Kokoroe And Jihi no Kokoro


hsjihiIn Japanese  心得 knowledge is kokoroe. Interestingly it is made up of two kanji 心, “shin” which is kokoro (heart, mind) and 得, “u” that has the meaning of: to get; to acquire; to obtain; to earn; to win; to gain; to secure. 

Therefore, acquiring kokoroe (knowledge) is seen by the Japanese as obtaining things through a better heart, a better mind and not “intellectual knowledge” as we see it in the West. 
 
And this definition reminds me of what Takamatsu sensei in wrote in a text called: “Essence of Ninjutsu”, in which he defines the 慈悲の心, the jihi no kokoro or “benevolent heart” of the ninja. 
 
He writes: “Stronger than love itself, the benevolent heart is capable of encompassing all that constitutes universal justice and all that finds expression in the unfolding of the universal scheme. Born of the insight attained from repeated exposure to the very brink between life and death, the benevolent heart of Ninpo is the key to finding harmony and understanding in the realms of the spiritual and natural material worlds”
 
But then, if knowledge is linked to the heart it is not linked to the learning of waza and kata. This benevolent heart will develop through therepetition of these waza and kata but these forms are only the Omote and not the ura. Over the last thirty years I have trained an lot in order to understand and master the forms of theBujinkan but in the process I noticed that these forms ans techniques were not tthe answer. In fact the more I train in Japan the more I iunderstand that there is nothing more important than the feeling of the situation.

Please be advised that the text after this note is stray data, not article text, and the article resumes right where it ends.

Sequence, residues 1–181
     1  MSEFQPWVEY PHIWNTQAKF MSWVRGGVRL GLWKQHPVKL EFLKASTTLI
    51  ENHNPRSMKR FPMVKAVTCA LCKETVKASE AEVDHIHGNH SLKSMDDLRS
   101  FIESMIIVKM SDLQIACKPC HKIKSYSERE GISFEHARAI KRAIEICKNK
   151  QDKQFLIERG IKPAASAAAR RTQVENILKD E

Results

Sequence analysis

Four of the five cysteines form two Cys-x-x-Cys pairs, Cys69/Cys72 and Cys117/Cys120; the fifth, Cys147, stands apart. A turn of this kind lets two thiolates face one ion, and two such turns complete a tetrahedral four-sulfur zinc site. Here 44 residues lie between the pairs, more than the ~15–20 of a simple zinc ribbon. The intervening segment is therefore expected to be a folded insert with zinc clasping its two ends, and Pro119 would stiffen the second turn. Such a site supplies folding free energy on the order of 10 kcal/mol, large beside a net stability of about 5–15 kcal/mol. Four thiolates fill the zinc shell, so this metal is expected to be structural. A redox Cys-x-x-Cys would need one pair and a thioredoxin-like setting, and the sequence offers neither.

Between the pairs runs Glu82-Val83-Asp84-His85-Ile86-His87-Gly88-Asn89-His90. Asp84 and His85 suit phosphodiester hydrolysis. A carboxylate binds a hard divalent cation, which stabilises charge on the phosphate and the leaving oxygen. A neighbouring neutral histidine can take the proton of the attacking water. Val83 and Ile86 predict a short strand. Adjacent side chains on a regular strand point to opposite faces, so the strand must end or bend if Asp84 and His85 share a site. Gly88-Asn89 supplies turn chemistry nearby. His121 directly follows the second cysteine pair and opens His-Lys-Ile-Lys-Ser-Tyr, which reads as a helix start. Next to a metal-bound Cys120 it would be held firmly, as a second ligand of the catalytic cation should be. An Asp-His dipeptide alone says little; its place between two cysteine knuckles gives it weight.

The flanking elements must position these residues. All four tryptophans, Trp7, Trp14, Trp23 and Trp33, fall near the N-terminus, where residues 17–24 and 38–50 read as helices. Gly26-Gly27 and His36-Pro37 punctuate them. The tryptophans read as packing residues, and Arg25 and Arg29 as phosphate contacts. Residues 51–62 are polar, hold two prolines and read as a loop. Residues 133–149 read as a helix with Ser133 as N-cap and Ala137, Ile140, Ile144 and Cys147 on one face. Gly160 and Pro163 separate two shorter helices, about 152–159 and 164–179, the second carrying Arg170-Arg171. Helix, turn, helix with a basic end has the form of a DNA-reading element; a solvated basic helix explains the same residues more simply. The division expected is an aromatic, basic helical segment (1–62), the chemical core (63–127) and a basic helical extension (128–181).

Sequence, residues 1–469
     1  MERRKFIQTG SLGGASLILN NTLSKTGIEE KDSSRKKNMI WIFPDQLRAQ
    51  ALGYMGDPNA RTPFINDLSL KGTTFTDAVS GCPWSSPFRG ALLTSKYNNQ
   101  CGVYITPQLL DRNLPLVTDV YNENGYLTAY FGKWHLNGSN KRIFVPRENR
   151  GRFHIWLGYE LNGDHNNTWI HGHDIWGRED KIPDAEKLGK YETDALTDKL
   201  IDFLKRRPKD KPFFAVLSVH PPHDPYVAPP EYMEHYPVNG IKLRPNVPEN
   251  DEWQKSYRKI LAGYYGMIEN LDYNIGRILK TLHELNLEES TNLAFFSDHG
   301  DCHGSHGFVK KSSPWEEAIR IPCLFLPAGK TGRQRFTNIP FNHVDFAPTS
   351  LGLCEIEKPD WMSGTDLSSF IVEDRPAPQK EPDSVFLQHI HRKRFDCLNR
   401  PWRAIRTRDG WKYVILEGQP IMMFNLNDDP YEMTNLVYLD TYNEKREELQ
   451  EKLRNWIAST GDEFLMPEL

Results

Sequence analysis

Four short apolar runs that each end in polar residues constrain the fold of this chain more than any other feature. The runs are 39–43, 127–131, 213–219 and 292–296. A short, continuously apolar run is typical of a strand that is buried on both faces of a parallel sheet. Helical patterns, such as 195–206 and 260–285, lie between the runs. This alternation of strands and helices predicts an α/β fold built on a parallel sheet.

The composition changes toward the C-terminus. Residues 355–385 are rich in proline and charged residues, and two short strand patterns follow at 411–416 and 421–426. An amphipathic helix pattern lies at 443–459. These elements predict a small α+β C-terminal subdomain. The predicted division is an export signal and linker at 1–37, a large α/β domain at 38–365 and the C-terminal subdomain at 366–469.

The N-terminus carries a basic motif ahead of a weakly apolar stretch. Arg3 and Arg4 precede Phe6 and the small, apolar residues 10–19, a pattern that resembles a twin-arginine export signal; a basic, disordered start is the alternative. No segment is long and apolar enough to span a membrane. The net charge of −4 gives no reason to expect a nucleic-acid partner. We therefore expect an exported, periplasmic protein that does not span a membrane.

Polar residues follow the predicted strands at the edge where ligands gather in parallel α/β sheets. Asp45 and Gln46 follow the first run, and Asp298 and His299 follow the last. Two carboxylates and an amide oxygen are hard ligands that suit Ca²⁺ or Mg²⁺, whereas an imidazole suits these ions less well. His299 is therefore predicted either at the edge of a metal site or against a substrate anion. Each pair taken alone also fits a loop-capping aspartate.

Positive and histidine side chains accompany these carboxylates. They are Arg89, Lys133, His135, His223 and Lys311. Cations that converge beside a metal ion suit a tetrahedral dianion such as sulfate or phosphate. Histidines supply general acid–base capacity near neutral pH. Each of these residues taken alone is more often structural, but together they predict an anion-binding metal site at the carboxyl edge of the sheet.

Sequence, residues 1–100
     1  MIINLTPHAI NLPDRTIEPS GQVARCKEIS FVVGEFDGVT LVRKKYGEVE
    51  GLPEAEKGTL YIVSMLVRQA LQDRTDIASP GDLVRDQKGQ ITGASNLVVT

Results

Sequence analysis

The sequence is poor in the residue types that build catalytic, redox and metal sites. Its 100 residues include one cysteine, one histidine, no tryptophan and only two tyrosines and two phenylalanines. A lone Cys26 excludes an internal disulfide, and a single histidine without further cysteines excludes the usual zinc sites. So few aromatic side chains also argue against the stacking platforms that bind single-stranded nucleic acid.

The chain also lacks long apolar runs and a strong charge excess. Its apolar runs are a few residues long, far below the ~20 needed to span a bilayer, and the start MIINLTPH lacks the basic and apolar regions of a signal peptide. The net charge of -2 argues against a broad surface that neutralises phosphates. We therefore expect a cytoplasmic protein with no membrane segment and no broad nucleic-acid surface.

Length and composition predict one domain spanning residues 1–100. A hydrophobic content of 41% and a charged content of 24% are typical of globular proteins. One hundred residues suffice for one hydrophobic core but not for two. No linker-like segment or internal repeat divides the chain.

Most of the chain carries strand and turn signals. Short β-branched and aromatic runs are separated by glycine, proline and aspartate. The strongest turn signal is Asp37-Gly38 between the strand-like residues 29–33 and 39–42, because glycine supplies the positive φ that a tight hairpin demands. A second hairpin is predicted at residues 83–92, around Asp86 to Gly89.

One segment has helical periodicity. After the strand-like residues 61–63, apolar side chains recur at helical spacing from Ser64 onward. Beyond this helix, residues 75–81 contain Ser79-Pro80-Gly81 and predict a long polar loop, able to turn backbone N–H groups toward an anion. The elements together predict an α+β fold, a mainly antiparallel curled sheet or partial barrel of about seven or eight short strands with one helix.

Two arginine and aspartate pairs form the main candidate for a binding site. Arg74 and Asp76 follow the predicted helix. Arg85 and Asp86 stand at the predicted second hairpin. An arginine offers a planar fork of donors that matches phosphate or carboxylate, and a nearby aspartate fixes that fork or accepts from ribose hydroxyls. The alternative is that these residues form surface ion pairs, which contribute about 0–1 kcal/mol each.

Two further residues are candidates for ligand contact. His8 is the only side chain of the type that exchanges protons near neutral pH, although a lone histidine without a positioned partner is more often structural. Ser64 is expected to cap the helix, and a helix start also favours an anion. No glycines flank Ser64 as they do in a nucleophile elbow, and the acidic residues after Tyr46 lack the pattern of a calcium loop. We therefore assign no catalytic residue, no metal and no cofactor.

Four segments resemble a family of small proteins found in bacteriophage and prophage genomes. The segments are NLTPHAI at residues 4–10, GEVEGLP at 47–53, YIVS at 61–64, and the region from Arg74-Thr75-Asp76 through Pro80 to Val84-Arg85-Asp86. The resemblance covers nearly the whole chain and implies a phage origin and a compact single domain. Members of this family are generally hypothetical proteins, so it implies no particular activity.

So we we come to see a huge paradox. We have to learn the forms in order to discover what lies beyond them. It is similar to trekking where the next hill might unveil a fantastic panorama. But before reaching this hilltop there is no indication of what lies behind. Walking the path of the Bujinkan you will come to understand this type of thing and be able to apply them in your daily lives. 
 
The Benevolent heart of the Bujinkan is not something you can learn, it is given to you once you have polished your “brain knowledge” to turn it into a “heart knowledge”. And when you think about it, the concepts developed by Hatsumi sensei over the years, such as: “feeling, no strength, no waza, be happy, don’t think etc, make a lot of sense.
 
If you want to develop the 慈悲の心, jihi no kokoro, learn the forms, train hard, then destroy the forms and feel the moment; and do not rely too much on your knowledge. 
 
As Sensei repeated many times: “in a real fight, a waza will get you killed!”
 
*benevolent heart: http://www.winjutsu.com/source/hatsumi.html

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